Just a quick disclaimer i am in no way a master statistician. Most of my experience with entropy and RNGs comes from creating my own RNGs in linux as well as decoding radio signals. I have also worked on the RTL-entropy project. If you are a master statistician and see that i have done something wrong please email me. I really want to be proven wrong on this one.
For a while i have been working on the next gen detector for the Energetic Ray Global Observatory project . As a part of this i have had access to their massive database. One day in 2015 we had this idea to try and create a HRNG using timestamp data from our ergo units. As a preliminary measure i decided to run some entropy tests on the data itself. Now the timestamps data usually looks like this.
However, our units are only accurate to ~100ns or 30 meters at the speed of light ( it’s actually better than that in a controlled enviroment ). So i decided to lop the last two numbers off. Also since the first 9 didn’t fluctuate i cut those off too. Remember i was just going for entropy here. The first test i preformed was on a full timestamp file. I used the program ent and got these readings for unit 522.
I found this weird because even urand on linux looks more like this.
While the background of this website for example looks like this.
Then i decided to cut the last 10,000 events from a the unit and cut out the 10-17 digits so it looked like this .
ok looks pretty random to me right? lets run ent again on the 10,000 lines.
huh ?!?! whats going on here well maybe i need to remove new lines. so i did that. It looked like this now
At this point i was freaking out because i thought there was a massive hardware issue so i decided to look at one of our older versions. The first one made by some students from M.I.T and Tom Bales. I ran the same set of tests on unit 9.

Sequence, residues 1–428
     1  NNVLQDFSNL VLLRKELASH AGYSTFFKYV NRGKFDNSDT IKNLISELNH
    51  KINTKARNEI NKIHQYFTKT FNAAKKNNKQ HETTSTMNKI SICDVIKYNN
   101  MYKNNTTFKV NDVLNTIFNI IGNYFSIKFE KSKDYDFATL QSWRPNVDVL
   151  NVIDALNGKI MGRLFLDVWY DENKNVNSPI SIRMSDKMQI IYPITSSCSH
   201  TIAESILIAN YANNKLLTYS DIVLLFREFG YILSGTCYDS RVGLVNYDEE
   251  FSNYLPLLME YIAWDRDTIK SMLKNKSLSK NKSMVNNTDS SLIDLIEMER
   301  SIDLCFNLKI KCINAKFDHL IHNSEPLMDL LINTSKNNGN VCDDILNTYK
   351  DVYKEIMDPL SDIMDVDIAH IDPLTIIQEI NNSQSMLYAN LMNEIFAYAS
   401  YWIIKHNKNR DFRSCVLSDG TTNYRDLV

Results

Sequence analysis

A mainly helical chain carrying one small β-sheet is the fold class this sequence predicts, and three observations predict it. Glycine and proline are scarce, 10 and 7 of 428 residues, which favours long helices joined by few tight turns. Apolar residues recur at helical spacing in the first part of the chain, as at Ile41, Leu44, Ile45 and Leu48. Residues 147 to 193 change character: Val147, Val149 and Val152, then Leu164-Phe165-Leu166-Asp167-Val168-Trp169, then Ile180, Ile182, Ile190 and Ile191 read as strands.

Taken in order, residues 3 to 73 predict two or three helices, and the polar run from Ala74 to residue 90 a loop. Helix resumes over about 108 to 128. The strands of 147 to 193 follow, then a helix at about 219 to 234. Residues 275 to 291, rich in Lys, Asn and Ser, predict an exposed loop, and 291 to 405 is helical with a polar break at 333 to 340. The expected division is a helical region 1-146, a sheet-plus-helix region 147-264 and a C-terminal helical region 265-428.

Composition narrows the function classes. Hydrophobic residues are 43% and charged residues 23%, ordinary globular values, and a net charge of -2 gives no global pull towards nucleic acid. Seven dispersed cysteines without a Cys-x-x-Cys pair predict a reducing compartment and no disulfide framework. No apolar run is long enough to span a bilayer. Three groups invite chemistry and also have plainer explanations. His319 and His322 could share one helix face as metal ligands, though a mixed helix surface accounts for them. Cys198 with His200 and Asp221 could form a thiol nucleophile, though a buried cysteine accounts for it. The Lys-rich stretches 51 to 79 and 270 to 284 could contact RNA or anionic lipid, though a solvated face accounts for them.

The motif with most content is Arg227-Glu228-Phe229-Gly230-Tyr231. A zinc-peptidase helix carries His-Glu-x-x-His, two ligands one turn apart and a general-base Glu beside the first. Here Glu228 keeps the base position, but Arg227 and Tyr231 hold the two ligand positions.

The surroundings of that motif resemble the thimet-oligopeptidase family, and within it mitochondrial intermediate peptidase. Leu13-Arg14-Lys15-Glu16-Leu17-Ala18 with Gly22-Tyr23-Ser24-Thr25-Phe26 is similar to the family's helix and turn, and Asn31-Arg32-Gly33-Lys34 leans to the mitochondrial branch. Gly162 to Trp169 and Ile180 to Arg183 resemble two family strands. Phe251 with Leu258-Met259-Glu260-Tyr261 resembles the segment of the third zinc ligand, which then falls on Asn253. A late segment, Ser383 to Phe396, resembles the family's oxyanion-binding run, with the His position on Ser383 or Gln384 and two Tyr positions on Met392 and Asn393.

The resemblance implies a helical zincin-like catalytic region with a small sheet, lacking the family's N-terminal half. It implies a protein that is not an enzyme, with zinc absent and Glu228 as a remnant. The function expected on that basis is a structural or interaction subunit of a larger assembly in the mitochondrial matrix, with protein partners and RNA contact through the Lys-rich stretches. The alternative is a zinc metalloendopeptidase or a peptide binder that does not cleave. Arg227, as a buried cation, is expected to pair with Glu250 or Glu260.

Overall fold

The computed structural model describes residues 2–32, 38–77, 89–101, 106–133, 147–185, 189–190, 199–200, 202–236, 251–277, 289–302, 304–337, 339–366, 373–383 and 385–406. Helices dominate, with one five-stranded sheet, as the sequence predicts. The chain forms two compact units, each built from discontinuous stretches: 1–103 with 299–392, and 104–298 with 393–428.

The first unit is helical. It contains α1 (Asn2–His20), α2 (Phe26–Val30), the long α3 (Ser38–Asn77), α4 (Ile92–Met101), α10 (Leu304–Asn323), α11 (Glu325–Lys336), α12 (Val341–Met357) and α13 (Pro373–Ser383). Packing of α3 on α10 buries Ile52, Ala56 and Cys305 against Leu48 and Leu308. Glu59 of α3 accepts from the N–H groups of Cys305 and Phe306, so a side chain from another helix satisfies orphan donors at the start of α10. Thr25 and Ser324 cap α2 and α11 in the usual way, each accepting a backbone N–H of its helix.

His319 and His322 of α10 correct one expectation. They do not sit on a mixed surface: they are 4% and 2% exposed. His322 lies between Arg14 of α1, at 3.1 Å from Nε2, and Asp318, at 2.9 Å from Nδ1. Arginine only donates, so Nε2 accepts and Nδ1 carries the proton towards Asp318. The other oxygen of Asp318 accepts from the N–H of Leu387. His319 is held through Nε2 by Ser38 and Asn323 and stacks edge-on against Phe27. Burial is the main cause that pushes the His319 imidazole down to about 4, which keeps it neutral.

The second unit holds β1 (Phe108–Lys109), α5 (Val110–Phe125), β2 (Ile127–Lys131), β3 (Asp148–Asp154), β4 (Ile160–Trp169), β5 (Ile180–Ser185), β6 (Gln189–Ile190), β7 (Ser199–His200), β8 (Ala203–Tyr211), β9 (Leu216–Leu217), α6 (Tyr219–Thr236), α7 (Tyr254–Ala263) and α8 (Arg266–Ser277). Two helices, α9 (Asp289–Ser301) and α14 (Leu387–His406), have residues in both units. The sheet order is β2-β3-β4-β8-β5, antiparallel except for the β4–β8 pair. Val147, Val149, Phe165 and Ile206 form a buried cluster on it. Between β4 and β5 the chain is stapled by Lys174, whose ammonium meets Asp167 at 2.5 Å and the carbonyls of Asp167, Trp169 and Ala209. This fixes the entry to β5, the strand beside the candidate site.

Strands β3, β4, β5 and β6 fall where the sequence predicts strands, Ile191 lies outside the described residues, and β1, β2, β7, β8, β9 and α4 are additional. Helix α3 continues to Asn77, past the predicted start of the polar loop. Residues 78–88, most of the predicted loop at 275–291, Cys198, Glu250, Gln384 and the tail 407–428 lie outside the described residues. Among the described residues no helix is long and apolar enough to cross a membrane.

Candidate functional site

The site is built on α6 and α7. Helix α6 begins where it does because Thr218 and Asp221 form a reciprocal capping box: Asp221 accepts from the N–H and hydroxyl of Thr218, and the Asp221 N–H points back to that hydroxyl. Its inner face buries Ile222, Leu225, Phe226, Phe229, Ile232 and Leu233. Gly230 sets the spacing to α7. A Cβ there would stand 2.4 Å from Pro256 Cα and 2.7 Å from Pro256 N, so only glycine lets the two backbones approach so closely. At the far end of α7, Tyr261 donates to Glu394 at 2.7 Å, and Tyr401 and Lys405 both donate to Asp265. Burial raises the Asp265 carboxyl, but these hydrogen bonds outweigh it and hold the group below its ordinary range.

Timestamps uncut last 10,000:
Timestamps last 10,000 10-17:
Timestamps last 10,000 cut no newlines with ent -c :
Now i just did all this test with new data that you can find here and it’s the same as it was months ago. If anyone wants more data to play with send me an email. The only thing i have found is that 7 is the predominate number. Remember this is for two different units with two totally different GPS and detector systems. Number 522 and 9 you can view them here (when our database isn’t backing up lol) .
Update Sat May 14 08:38:17 EDT 2016:
My friend Grant Hernandez suggested that “ent is treating your ASCII timestamp sample file as binary. It doesn’t know the representation of the numbers in binary.” which made more sense to me than a hardware issue across versions or cosmic rays timing isn’t random so we tried packing it with a simple python script.The file that we packed required newlines in order to pack each event as its own 4 byte stream. The output data from the file looked something like this.
Not human readable but this is the same thing as our no newlines file just packed into bytes. After i created the byte file we ran some tests the first one was on unit 9 cut file with newlines.